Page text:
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Marketing a series

Discussion in 'Marketing' started by Chime85, Oct 19, 2012.

  1. Chime85

    Chime85 Sage

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    I'm working on a large project where the story spans over a couple of books (either two or three, we'll see once editing is done.) I'm also seriously considering going down the path of self publishing.

    I know many mainstream publishers release these stories in parts. LotR, Robin hobbs works etc, but is this a good idea for self publishing?

    My marketing idea for this is:

    Release the first part as a promo for two weeks for free then put it up to $2 (or $2.99 as another threadd suggests)

    Second part, the same stratagy.

    After (assuming a two parter), releasing a single collection of the full story as well as the individual parts. If both parts come to the best of $6, the collective article could be released for say $5 as well as the individual parts


    Again, I know many mainstream publishers practice this, but would this be damaging for a self publisher?

    To clarify; it's a single story.It is not a set of seperate but close storys with the same characters (ie; harry potter)

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    Last edited: Oct 19, 2012
  2. PaulineMRoss

    PaulineMRoss Inkling

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    I'm reading a book right now that's like that - a two parter marketed as two separate books, for technical reasons (a limitation on the ebook creation software, apparently). Half the reviews for the first part are grumbles about the lack of closure! So be warned, people do expect a 'book' to be a complete story, even when clearly labelled Part 1 or Volume 1 or whatever.

    I would say, try to market it as a single book, and if that's not possible, charge a normal price for one of the parts and make the rest of it permanently free.

    Good luck!
     
    Chime85 likes this.
  3. Devor

    Devor Fiery Keeper of the Hat Moderator

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    I don't think it's a good idea to have a list price for "Free." You have a quality product (right?), and you should list it as such. The biggest advantage of a sale isn't the reduced price; it's having another reason to talk about your product. Having a new book is already enough to talk about. Open at your normal price and run a sale a few months down the road when the news has gotten stale and you need another hook to talk about.

    And don't make it free. People are skeptical of free.

    As for whether you should release as one volume, two or three, that depends. You can have a cliffhanger - they'll hate you for it, but they'll still read. But it has to be a literary conclusion. A cliffhanger counts. But you can't just cut it off in the middle. You have to build up to an ending point, and the next book has to open with the appropriate buildup. So be sure to figure out where those endpoints are, and edit your books to match.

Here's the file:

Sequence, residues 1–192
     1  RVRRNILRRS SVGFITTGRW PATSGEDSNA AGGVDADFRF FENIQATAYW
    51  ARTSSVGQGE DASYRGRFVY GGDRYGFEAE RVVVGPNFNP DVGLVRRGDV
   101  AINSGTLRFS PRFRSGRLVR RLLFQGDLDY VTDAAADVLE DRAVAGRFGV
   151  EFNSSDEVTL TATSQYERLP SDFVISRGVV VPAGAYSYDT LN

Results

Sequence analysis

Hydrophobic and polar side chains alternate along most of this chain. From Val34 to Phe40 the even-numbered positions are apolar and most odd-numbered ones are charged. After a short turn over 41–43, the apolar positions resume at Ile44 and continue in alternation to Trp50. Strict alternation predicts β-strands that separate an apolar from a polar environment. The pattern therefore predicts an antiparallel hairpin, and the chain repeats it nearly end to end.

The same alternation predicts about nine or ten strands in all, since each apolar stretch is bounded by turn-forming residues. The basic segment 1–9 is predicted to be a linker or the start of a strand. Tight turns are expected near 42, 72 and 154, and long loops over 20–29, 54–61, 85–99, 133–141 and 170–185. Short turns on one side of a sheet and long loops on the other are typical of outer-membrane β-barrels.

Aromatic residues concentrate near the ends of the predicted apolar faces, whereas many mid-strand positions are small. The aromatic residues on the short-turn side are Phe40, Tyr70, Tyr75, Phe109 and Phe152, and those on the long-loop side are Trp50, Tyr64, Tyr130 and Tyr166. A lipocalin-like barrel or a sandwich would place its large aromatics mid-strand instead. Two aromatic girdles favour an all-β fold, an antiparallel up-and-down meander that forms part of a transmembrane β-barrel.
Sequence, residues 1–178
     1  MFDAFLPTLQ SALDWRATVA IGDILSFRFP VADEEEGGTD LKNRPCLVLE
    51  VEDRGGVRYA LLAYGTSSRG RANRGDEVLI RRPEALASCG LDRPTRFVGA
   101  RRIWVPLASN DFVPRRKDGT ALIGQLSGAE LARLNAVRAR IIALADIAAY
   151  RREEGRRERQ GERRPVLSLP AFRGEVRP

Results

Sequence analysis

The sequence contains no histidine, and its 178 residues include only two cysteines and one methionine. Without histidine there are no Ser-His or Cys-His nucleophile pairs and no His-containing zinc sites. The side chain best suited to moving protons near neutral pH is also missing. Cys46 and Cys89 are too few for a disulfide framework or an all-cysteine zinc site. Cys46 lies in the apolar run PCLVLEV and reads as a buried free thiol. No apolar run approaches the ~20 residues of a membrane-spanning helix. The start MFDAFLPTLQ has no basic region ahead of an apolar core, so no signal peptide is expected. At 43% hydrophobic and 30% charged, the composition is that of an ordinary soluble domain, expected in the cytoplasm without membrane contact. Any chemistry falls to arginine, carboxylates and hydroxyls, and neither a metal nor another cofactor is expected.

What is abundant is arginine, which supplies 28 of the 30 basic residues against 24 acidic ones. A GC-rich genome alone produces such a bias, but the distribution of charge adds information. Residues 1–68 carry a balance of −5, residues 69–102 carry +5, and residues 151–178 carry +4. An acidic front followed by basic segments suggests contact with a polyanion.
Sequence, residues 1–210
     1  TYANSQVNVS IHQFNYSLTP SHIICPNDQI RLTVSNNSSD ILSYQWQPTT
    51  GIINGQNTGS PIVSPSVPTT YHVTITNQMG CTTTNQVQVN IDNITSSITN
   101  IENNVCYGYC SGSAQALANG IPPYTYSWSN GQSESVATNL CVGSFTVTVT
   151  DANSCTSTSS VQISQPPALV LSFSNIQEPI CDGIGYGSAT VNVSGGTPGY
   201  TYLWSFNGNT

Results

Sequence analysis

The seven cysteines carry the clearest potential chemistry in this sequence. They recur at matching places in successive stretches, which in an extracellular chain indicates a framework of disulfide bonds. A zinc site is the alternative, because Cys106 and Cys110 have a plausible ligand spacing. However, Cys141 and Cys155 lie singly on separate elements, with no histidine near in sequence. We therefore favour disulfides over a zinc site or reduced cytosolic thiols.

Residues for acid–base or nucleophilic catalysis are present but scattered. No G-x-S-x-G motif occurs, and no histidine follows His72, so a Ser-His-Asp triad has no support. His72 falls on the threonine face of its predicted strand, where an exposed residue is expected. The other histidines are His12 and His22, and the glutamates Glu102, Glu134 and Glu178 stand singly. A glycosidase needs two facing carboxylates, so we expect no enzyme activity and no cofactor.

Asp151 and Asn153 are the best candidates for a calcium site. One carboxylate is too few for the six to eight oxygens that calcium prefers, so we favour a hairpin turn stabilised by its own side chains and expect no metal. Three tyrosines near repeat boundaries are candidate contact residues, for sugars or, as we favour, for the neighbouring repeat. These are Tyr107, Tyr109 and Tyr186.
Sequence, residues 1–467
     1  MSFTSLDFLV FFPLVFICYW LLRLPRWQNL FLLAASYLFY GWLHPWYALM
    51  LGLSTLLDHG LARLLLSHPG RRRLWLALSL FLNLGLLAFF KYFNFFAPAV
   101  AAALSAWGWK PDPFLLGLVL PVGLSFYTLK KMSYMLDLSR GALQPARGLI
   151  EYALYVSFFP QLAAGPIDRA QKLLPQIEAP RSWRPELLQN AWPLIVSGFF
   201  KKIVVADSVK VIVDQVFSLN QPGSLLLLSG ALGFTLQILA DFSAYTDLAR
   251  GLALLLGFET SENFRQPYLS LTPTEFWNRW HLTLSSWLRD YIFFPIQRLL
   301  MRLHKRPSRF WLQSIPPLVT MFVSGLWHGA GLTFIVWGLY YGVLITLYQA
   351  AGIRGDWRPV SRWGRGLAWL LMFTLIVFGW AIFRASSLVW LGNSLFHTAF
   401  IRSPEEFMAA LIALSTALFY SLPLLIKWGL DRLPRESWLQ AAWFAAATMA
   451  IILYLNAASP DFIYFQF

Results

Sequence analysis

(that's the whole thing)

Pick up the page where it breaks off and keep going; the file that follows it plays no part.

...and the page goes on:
Chime85 and Weaver like this.
  4. yachtcaptcolby

    yachtcaptcolby Minstrel

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    I think people are skeptical of books that are free in perpetuity. Occasionally running a promotion where the first book in your series is free could be a great way to get people to buy the rest of it.
     
    Chime85 likes this.
  5. PaulineMRoss

    PaulineMRoss Inkling

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    And there are some very successful self-pubbers who would argue that having the first in a series always free is a great way to draw people in. Lindsay Buroker's done well with that strategy.

    Personally, as a reader I hate the 'occasionally free' system, because I always see a free day AFTER I've paid full price :-(
     
  6. Devor

    Devor Fiery Keeper of the Hat Moderator

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    I say people are skeptical of free, but there are ways to overcome that skepticism and turn it into an advantage if you have a quality product and know how to market effectively. But that takes a concerted effort and you need to have a lot of material out there. For the most part, your best bet to start off marketing your first book is to focus on branding your work as a quality product to overcome the missing reputation that will hold you back when you solicit reviews, which is what people should be focusing on. And quality products, standing by themselves from a first time author, aren't usually free.
     
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